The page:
Record Time is Paste’s monthly column that takes a glimpse into the wide array of new vinyl releases that are currently flooding record stores around the world. Rather than run down every fresh bit of wax in the marketplace, we’ll home in on special editions, reissues and unusual titles that come across our desk with an interest in discussing both the music and how it is pressed and presented. This month that includes a 10th anniversary repressing of Matt & Kim’s indie-pop classic, a pair of contemporary classical masterpieces, a remake of a Beach Boy solo album by a modern L.A. artist and Gram Parsons’ final stand with The Flying Burrito Brothers.
The photos of Rickie Lee Jones on her first two albums are as revealing as any verse she sings within. On her self-titled debut, she exudes confidence and good humor as she takes a pull of a cigarette. The music matches that with jazzy, Beat poetry-inspired visions of late night conversations in diners and standing alone on a street corner after last call. Her follow-up Pirates finds her, on the back cover, leaning on a friend for support, her gaze steely and tinged with bitterness. Again, it’s the perfect complement to songs that pick apart the bones of a failed relationship and a deeply sorrowful tale of an ill-fated couple on the way to the hospital. Even the most loose-fitting tunes have some ugly memories buried underneath the snappy music and scat singing. These canonical L.A. pop records both sold very well upon their initial release, which calls into question the necessity for new pressings since used ones are ubiquitous. On the other hand, they’re treated with the appropriate level of loving care as they both sound as fresh as the day they were first committed to tape.
When the second album by husband and wife duo Matt & Kim was released a decade ago, they were posed as the saviors of an alternative rock world on the wane. Or least the act that could bridge the gap between the more high-minded indie scene and those unapologetically pop-centric acts aiming for high chart placement and licensing syncs. Things didn’t work out quite that comfortably but you can’t fault this pair’s efforts, especially when listening to this new pressing of an old favorite. The songs feel as spunky as ever, cutting a rough path between the smoking section where the punks hang during lunch hour and the bleachers where the cool kids are cheering on the football team. And the new vinyl edition helps strengthen the album’s core with deeper bass tones and a sharper tone that lets the refracted tone of Matt’s keyboards dance like dust motes.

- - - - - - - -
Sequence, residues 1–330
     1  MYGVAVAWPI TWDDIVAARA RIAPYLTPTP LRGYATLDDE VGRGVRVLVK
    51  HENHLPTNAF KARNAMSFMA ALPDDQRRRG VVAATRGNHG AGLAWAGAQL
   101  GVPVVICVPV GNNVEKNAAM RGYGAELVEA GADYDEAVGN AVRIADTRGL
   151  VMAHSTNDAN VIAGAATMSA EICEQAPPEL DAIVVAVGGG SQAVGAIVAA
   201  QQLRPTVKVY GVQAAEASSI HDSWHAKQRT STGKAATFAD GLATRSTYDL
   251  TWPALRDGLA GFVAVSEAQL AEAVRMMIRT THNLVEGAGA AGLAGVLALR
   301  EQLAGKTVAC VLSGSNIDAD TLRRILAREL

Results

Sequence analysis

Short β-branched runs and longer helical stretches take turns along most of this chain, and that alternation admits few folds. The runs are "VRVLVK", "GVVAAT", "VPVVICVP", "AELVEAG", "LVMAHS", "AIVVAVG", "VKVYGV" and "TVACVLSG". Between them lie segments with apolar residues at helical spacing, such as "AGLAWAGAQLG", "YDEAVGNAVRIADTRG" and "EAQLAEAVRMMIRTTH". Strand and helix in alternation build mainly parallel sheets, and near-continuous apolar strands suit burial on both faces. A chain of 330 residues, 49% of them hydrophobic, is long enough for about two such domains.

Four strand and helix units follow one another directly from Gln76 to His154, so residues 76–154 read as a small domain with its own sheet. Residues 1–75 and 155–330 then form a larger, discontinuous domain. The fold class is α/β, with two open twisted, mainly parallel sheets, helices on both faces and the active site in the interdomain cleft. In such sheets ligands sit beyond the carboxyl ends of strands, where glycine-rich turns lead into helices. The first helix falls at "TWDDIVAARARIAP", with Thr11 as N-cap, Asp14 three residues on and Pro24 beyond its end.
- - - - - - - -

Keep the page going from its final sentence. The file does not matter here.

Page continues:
The last Flying Burrito Brothers album to feature singer/songwriter Gram Parsons in the lineup might also be the group’s finest collective statement. Without question a debatable point considering the greatness of their debut The Gilded Palace of Sin. But for my ears—with the help of this sumptuous reissue from the always reliable Intervention Records—there’s something clearly broken at the base of this album, a growing darkness within even the sunniest songs that the band had to excise by kicking Parsons out following its release and some awful live performances. That’s evident in their woozy version of the Rolling Stones’ “Wild Horses” and in the low slung, drooping style that Parsons brings to his original compositions. The rest of the Burrito Bros. keep their ill-fated bandmate from staggering off into the twilight with some career-best performances by pedal steel legend Pete Kleinow and guitarist Bernie Leadon.
Did directors Aram Avakian and Bert Stern know that they were training their cameras on something special when they decided to make a concert documentary at the 1959 Newport Jazz Festival? Looked at some six decades later, the lineup for this annual event is stacked, with appearances from Louis Armstrong, Ray Charles, Thelonious Monk, Dinah Washington, Mahalia Jackson and Chuck Berry. Even if they were unaware, their efforts are still much appreciated and justly celebrated with this deluxe release that includes a DVD of their 1960 film and the soundtrack on both CD and two 10” records. While there is some slight inconvenience with having to switch sides of the vinyl version more frequently, the performances are, to a person, spectacular and blaze like Roman candles. Of particular interest is the recording of the Monk Trio, which included bassist Henry Grimes, all of 23 at the time, slipping in and around the perfectly ragged piano melodies and drummer Roy Haynes’ free-flowing playing.